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Legislature needs to force Blanco to do right on taxes, spending

When those in the know saw Gov. Kathleen Blanco runs towards the center in her 2003 bid for governor, they knew this was a conversion only of political convenience. Since then, she has acted consistently liberal on taxing and spending issues, overseeing a 50 percent growth in the size of government in just four years while offering crumbs in tax cuts and attempting to tax things from cigarettes to sick people.

Had she stayed in the 2007 race for reelection, we might have expected to see this year a mirroring of the 2003 promises, in the form of a budget that veered away from big government and for empowering people by allowing them to keep more of what they earn. But she didn’t do that and we didn’t see such a budget.

By contrast, increasingly recognized by legislators of both parties is a conservative/reformist surge ready to sweep the state in the fall elections. For some, especially those who wish to perpetuate their legislative careers by jumping from one chamber to another to circumvent the three-term limit, they will emulate Blanco’s move of political opportunism by distancing themselves from their records of supporting big government to become evangelists for tax cuts and reducing the size of government. Along with genuine small government, low tax advocates, this puts them on a collision course with Blanco.

Regardless of their motives, they need to prevail. Louisiana is already one of the most heavily taxed states (in state and local taxes) in the union even with having one of the lowest per capita incomes of all, and, despite a surplus largely derived from temporary causes, Blanco wants to provide just the most tepid and uneven of tax reductions (indeed one of her ideas, subsidizing day care with tax credits, actually would expand government’s role). Only legislators are expressing a desire for meaningful tax cuts and reduction in the size of government.

In fact, Blanco continues to have enormous faith in government to do things and singularly lacks it in the people of Louisiana. Her over-10 percent per annum spending increase request calls for all sorts of new recurring spending that is unlikely to be sustained under the current fiscal structure of the state. Instead, she should be holding off of new commitments and cut taxes to allow the economy to grow to support revenue growth exceeding that of current expenditure growth to enable such spending in the future.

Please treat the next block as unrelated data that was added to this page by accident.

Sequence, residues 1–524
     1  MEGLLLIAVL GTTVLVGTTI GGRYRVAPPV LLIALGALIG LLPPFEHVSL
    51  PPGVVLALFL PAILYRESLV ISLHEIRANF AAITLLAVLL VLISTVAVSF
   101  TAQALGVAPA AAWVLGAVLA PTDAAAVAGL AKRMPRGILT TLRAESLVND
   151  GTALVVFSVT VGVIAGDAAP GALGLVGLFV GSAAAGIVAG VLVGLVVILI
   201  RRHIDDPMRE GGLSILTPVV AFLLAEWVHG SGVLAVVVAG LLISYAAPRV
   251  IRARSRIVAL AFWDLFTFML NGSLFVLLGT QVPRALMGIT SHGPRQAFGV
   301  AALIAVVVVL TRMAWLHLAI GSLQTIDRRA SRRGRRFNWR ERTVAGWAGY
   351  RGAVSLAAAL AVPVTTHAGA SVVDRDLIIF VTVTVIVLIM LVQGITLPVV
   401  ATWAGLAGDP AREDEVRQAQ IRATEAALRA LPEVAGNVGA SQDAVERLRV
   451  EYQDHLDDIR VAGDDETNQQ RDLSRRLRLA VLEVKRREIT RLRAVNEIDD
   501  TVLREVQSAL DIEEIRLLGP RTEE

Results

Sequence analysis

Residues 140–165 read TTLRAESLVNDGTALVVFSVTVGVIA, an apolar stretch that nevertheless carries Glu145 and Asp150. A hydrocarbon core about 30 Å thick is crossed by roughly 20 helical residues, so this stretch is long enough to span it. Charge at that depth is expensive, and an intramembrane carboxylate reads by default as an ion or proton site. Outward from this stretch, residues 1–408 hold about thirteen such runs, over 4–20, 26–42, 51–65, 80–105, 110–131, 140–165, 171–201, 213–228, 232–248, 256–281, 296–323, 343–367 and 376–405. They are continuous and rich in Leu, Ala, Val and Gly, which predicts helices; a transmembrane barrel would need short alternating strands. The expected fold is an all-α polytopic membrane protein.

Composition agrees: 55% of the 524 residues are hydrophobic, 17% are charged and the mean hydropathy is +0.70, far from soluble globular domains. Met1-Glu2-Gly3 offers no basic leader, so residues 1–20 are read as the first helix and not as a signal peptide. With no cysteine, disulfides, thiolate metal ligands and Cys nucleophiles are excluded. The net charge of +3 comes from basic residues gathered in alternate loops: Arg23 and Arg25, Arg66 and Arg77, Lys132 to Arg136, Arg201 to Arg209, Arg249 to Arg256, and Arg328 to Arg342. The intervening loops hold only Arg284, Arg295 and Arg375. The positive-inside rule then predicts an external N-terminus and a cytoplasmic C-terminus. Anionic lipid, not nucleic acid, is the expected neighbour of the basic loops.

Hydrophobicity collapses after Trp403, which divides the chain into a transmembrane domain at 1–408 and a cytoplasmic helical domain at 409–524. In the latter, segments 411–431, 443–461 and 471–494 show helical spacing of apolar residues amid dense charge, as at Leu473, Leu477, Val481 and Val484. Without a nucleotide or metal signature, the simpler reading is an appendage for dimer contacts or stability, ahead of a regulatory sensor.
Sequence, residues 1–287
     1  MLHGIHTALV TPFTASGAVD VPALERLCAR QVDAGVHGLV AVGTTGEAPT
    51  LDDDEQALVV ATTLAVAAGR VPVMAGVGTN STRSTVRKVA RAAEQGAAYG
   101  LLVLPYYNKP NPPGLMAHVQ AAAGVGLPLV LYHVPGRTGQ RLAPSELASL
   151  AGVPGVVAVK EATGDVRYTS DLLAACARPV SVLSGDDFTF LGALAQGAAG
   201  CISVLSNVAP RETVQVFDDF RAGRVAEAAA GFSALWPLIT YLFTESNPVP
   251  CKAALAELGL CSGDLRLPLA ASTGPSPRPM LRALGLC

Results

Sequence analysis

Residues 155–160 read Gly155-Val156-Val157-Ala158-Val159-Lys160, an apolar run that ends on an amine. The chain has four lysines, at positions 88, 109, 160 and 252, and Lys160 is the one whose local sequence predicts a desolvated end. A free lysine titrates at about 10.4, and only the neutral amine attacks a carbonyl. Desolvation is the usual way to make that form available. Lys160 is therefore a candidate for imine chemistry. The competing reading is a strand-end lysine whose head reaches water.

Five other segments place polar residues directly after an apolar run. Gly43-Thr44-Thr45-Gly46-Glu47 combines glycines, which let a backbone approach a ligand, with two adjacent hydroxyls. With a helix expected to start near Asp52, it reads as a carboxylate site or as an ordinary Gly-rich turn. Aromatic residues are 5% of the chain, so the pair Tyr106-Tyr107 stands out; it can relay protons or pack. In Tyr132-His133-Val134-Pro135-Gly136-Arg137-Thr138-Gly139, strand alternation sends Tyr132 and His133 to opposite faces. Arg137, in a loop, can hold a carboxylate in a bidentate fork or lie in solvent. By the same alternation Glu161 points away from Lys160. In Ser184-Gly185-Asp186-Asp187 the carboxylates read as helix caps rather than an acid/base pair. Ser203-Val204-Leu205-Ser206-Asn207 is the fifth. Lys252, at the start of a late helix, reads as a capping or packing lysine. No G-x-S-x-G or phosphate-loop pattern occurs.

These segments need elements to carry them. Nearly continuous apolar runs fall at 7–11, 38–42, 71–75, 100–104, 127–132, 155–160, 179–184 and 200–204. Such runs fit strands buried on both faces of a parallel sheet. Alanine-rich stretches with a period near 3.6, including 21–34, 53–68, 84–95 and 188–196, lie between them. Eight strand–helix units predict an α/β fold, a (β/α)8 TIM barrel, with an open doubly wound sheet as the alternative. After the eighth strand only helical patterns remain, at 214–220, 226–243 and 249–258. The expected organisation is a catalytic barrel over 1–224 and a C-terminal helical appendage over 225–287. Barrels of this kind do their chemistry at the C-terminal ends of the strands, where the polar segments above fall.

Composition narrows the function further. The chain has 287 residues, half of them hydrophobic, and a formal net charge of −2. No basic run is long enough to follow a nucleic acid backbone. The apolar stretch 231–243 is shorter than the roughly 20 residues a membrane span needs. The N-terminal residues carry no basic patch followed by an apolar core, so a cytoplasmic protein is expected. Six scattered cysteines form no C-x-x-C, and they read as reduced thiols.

This is common sense, it has gripped the Louisiana public more than usual this year, and legislators, even those who have demonstrated in the past they share Blanco’s view, are jumping on the bandwagon. Unfortunately, Blanco is too blind to see this, witness her ridiculous statement: “If the Legislature wants to do excessive tax cuts, it could throw everything off … I am trying to be responsible for future administrations. I would rather not pass on financial struggles. Any massive tax cuts will mess with the next administration.” As one might elaborate on the sentiment expressed in a Garbage tune, she’s too dense to understand her very proposed actions are the ones that will imperil the state’s financial health and leave massive problems for the next governor.

Unfortunately, she has a veto pen but regardless the Legislature should send her a reduced budget and tax decreases. If so, she can’t jack up the spending so maybe she’ll go along with the cuts. Otherwise, the state misses a golden, perhaps once-in-a-generation chance to improve its quality of life.

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